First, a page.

These esteemed writers, philosophers, and scientists also all had works banned by the Catholic Church on its infamous Index Librorum
Prohibitorum or Index of Prohibited Books.
English practices are thus sharply distinguished from the dominant Continental practices exemplified by the Index librorum
prohibitorum, though both systems derive from Roman law and are modified by medieval canonical, civil, and theological interventions.
On a serious note, the works of most of the philosophers mentioned above were officially banned by the Catholic church and included in the Index of Prohibited Books (or Index Librorum
Pohibitorum, to give it its impressive Latin name.
Dante, who had written the Monarchia as a "publicist document intended for pragmatic effect in both the political and spiritual arenas" (40), would have never expected to see his work placed on the Index librorum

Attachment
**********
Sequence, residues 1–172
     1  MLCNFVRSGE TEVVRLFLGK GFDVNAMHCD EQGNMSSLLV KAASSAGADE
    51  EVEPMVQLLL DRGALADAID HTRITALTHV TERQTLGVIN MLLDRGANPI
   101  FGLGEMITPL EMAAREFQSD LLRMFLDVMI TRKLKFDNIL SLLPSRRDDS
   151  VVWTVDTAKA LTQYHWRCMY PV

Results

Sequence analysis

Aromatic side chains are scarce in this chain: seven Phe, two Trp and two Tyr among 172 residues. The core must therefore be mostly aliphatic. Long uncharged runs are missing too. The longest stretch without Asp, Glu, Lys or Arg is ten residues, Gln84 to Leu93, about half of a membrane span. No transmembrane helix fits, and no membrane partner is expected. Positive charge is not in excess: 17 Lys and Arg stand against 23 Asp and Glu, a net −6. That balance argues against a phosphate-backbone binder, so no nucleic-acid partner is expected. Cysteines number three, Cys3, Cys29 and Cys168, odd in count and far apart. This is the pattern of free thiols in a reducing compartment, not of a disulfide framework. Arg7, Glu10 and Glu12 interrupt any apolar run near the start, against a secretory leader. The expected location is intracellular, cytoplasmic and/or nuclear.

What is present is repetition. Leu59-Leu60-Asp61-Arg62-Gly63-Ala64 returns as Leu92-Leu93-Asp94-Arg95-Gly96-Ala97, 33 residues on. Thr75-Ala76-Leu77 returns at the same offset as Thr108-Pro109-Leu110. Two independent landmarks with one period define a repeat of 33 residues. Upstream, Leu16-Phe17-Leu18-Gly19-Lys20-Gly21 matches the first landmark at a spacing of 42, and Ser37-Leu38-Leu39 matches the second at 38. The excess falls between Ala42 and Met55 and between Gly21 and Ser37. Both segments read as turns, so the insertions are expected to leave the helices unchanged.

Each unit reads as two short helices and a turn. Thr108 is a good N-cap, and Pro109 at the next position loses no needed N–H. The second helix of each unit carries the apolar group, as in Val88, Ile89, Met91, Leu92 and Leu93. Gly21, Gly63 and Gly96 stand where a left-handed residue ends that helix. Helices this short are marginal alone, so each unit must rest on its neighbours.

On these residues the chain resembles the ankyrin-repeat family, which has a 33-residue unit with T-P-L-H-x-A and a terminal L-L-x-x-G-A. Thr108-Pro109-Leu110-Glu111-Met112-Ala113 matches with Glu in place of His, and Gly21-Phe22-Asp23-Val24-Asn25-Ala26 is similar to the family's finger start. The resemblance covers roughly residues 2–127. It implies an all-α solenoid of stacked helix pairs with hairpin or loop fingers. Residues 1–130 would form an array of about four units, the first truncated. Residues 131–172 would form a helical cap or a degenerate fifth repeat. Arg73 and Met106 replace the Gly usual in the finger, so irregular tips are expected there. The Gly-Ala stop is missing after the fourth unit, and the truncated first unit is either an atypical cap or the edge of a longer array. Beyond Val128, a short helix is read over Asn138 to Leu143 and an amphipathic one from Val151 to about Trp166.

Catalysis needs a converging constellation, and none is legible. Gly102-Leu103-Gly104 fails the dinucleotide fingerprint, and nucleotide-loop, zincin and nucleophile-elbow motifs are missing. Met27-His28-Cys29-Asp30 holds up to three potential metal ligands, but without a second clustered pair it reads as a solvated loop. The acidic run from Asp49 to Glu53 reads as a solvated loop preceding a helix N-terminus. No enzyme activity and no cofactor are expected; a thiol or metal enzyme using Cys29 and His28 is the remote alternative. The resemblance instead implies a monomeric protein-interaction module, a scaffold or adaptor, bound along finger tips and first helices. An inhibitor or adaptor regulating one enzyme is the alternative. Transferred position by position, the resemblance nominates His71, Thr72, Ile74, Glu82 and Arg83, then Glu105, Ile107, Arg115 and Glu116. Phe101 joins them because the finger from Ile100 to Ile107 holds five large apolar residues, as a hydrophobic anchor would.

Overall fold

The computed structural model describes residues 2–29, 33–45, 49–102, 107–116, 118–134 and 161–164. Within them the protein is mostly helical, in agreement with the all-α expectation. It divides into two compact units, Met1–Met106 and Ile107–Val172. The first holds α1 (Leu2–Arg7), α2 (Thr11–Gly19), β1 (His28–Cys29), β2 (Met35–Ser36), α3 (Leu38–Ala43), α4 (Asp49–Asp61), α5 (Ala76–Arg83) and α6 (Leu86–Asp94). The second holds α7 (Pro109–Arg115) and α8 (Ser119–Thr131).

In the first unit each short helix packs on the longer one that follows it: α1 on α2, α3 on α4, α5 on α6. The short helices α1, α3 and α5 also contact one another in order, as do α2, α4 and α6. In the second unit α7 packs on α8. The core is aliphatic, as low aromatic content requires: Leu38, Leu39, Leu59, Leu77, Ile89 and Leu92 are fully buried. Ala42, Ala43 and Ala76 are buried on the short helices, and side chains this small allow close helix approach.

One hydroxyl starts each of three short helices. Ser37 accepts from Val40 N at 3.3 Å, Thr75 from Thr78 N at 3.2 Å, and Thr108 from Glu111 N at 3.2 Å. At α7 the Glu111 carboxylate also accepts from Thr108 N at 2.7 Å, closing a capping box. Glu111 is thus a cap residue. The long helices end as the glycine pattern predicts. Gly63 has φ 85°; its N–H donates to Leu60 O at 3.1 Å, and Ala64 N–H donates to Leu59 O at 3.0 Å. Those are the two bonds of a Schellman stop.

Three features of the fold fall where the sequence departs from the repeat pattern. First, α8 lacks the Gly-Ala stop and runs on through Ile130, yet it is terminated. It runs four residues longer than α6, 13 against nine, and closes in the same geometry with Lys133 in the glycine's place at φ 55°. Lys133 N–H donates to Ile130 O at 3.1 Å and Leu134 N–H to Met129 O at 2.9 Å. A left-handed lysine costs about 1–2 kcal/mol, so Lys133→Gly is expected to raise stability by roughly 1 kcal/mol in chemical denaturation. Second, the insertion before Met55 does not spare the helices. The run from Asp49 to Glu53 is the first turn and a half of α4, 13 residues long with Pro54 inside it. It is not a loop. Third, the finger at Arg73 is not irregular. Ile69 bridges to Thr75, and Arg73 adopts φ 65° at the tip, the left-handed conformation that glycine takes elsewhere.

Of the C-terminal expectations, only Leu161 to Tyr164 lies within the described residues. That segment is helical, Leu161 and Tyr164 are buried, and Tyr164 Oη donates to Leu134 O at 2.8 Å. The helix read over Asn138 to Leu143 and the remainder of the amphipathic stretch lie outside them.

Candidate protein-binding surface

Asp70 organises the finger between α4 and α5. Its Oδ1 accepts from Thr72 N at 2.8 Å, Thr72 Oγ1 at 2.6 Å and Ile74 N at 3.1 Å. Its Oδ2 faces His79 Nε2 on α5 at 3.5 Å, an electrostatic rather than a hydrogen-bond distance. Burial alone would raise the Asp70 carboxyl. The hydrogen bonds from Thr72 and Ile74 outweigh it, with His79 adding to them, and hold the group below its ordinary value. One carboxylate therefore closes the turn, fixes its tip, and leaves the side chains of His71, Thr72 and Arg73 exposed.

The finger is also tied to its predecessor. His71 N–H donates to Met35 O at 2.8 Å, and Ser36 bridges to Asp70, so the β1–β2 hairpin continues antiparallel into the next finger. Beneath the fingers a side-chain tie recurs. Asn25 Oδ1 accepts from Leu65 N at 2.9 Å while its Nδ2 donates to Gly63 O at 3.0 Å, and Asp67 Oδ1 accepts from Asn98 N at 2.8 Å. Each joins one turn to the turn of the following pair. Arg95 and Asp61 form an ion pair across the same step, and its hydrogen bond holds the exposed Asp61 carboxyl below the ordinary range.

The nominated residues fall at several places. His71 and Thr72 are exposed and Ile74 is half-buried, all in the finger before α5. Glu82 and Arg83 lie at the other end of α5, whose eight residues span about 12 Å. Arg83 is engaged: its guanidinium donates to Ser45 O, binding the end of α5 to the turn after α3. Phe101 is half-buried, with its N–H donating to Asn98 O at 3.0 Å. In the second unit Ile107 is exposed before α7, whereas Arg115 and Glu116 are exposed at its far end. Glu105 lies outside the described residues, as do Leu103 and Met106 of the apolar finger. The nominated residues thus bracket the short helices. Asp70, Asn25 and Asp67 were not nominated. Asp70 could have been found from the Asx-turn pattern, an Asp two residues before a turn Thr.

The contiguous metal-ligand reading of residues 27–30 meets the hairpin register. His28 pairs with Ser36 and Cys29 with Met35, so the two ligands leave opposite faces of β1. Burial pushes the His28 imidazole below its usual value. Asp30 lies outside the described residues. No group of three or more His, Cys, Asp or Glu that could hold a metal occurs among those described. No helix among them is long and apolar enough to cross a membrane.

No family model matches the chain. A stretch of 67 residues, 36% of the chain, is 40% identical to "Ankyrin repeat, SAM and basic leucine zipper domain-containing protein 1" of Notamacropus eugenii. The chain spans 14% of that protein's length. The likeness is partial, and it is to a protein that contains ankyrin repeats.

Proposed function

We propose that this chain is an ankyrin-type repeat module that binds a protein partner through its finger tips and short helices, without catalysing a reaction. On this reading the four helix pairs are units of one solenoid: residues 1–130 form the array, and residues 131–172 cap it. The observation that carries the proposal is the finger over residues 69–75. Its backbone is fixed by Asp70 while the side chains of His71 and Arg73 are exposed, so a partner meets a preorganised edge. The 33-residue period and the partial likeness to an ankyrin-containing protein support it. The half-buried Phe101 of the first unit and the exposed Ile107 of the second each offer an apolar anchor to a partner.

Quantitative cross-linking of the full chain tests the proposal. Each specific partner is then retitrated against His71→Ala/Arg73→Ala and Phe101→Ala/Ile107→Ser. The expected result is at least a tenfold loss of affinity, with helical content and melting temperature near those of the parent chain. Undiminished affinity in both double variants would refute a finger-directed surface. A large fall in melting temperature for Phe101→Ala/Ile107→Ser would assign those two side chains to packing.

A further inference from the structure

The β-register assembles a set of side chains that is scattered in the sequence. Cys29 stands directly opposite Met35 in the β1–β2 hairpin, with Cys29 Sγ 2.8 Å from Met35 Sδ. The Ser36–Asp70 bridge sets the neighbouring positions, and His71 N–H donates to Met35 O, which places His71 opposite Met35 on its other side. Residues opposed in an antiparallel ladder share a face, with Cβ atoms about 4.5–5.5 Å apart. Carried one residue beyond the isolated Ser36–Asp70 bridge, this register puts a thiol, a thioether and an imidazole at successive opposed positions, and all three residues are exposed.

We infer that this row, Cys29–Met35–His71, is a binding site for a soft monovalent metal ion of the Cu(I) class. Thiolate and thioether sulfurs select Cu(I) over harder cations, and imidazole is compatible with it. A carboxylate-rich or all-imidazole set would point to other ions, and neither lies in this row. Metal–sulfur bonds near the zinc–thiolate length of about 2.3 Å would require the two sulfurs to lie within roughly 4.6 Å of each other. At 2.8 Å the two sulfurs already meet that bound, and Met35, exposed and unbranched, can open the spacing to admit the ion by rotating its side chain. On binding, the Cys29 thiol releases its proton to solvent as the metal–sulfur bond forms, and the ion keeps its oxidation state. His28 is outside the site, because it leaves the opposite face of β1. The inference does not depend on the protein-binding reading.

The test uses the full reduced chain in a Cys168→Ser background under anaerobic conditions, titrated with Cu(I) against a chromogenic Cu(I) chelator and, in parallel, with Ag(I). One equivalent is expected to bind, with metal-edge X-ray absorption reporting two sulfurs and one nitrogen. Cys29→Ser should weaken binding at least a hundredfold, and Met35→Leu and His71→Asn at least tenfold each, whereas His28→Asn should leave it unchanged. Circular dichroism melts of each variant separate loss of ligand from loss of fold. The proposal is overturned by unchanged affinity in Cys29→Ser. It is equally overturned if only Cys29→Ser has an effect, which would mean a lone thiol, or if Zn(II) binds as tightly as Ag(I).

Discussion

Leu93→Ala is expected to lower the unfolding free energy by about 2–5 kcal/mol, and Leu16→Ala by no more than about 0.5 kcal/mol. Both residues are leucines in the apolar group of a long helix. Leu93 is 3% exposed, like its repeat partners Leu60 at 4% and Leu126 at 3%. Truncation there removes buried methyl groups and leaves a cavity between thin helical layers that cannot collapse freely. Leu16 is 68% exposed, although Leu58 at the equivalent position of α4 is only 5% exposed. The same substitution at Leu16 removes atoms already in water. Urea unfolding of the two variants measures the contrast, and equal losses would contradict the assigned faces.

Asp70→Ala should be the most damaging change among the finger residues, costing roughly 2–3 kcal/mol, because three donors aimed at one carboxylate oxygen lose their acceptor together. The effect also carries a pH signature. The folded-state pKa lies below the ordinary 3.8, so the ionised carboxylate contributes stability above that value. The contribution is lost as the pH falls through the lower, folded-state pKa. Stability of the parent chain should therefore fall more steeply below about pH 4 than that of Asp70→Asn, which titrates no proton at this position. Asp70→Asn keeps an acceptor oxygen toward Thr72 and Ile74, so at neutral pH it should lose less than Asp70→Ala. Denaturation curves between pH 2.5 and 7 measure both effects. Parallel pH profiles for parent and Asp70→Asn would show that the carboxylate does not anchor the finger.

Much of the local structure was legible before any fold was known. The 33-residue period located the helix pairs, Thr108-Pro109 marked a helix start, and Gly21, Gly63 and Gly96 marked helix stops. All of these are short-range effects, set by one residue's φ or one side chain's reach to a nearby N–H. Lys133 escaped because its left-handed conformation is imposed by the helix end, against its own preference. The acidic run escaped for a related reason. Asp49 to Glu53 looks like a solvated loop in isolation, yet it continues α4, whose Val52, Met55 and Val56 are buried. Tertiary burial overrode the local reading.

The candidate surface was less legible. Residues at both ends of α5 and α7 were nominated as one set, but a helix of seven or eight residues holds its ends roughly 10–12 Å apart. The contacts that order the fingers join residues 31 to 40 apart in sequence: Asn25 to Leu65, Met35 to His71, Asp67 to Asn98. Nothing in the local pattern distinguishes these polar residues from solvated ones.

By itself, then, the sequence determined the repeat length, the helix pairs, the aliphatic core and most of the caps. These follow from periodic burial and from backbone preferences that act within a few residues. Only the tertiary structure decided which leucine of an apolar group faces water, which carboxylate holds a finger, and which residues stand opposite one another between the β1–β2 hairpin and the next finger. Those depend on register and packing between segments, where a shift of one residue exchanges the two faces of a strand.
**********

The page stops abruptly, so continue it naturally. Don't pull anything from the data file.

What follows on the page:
prohibitorum by the Tridentine Council in 1564, where it stayed until 1881
Bishop Arethas and other Byzantines regarded him as the Anti-Christ; he was included in the first edition of the Index Librorum
Prohibitorum (1557); on September 3, 1766, he was the protagonist villain in a musical drama called 'Lucian of Samosata the Hapless Atheist' presented by the Jesuit School at Regenshurg; Lord Macaulay dubbed him 'The Voltaire of Antiquity'.
1571 Pope Paul IV issues the first formal Index Librorum
Prohibitorum, or Index of Prohibited Books.
A wholesale evaluation took place that began with the two volumes of Benedikt Sattler's (a Bavarian professor of theology) Antikant, which appeared in 1788, and was sealed by the insertion of the Critique of Pure Reason in the Index librorum
prohibitorum in 1827 (p.